About Gum Disease Symptoms and Treatment

What Is Periodontal/Gum Disease?

Healthy tooth (left) vs. Effects of Periodontal Disease (right)

Periodontal literally means “around the tooth.” Periodontal or gum diseases are serious infections affecting the tissues surrounding the teeth. These tissues include the gums and bone supporting the teeth. Without treatment, periodontal disease can result in tooth loss (See Stages of the Disease).

Periodontal disease is usually a slow, painless, progressive disease. Most adults with periodontal disease are unaware they have it. If diagnosed and treated early the teeth can be saved.

What Causes Periodontal Disease?

The main cause of periodontal disease is the accumulation of plaque bacteria (see picture at left). Plaque is an often colorless mass of bacteria that sticks to teeth, crowns and bridges, and other tissues in the oral cavity. Plaque is constantly forming on the teeth. Plaque irritates the gums, causing them to become red, tender, and swollen.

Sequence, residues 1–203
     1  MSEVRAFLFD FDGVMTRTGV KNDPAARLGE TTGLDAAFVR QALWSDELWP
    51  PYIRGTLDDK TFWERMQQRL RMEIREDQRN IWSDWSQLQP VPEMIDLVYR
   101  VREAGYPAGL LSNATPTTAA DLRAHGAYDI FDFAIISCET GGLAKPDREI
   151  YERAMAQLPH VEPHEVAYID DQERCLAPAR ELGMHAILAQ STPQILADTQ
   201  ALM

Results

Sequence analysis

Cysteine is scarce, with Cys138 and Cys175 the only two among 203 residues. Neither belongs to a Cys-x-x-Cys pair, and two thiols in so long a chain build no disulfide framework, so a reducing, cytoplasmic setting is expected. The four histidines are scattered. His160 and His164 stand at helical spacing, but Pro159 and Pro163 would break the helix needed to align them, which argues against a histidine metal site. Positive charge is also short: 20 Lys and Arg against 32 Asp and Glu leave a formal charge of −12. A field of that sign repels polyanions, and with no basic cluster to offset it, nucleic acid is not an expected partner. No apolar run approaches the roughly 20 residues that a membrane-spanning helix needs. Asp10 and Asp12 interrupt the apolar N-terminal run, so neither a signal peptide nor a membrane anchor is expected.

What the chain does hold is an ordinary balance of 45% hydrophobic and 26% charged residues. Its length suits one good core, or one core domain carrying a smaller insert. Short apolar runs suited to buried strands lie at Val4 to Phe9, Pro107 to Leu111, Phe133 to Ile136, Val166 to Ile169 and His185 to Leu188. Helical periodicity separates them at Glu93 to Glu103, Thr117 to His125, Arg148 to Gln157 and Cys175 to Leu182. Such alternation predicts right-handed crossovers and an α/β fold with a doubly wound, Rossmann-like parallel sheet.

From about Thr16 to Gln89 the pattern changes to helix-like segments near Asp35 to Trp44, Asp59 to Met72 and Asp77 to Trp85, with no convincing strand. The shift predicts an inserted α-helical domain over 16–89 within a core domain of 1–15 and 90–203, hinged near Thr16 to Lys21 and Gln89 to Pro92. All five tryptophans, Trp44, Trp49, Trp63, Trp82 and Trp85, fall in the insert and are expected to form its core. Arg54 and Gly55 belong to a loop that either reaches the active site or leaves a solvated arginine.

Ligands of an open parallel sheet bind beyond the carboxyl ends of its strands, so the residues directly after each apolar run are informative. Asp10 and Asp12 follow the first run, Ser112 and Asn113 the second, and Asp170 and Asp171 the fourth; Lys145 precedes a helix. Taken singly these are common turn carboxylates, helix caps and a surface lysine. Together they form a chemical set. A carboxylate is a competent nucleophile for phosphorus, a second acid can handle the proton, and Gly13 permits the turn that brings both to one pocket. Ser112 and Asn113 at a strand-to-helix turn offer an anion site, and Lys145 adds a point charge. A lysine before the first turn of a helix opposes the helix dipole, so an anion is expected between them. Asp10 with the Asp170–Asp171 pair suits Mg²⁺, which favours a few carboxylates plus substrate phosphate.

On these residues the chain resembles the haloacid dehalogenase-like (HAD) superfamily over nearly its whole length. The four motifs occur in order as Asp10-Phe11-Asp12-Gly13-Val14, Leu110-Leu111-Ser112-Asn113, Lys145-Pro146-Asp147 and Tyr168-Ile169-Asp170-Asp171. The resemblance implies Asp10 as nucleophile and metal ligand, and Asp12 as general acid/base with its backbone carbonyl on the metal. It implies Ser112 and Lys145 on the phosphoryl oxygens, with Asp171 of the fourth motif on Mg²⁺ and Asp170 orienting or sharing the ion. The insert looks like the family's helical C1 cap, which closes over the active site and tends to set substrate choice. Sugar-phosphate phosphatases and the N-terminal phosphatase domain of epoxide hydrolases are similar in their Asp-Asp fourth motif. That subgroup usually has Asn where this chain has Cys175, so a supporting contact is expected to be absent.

If not removed daily, plaque becomes the hard material known as tartar or calculus. Calculus cannot be removed by brushing and flossing alone. A dentist, periodontist, or hygienist must remove it manually to stop the disease process.

With time, the tissues that attach the gums to the teeth are destroyed by plaque and its by-products. The gums “pull away” from the teeth and pockets begin to form between the teeth and gums. Plaque and calculus continue to fill these pockets until eventually, the jawbone supporting the teeth is destroyed.

Other factors can modify how your gums react to plaque or calculus, thereby altering your body’s response to the disease and affecting your overall health:

  • Smoking/Tobacco Use
  • Diabetes
  • Stress
  • Medications
  • Clenching or Grinding Your Teeth
  • Pregnancy and Puberty
  • Diet and Nutrition
  • Immunosuppression (i.e. leukemia, AIDS)


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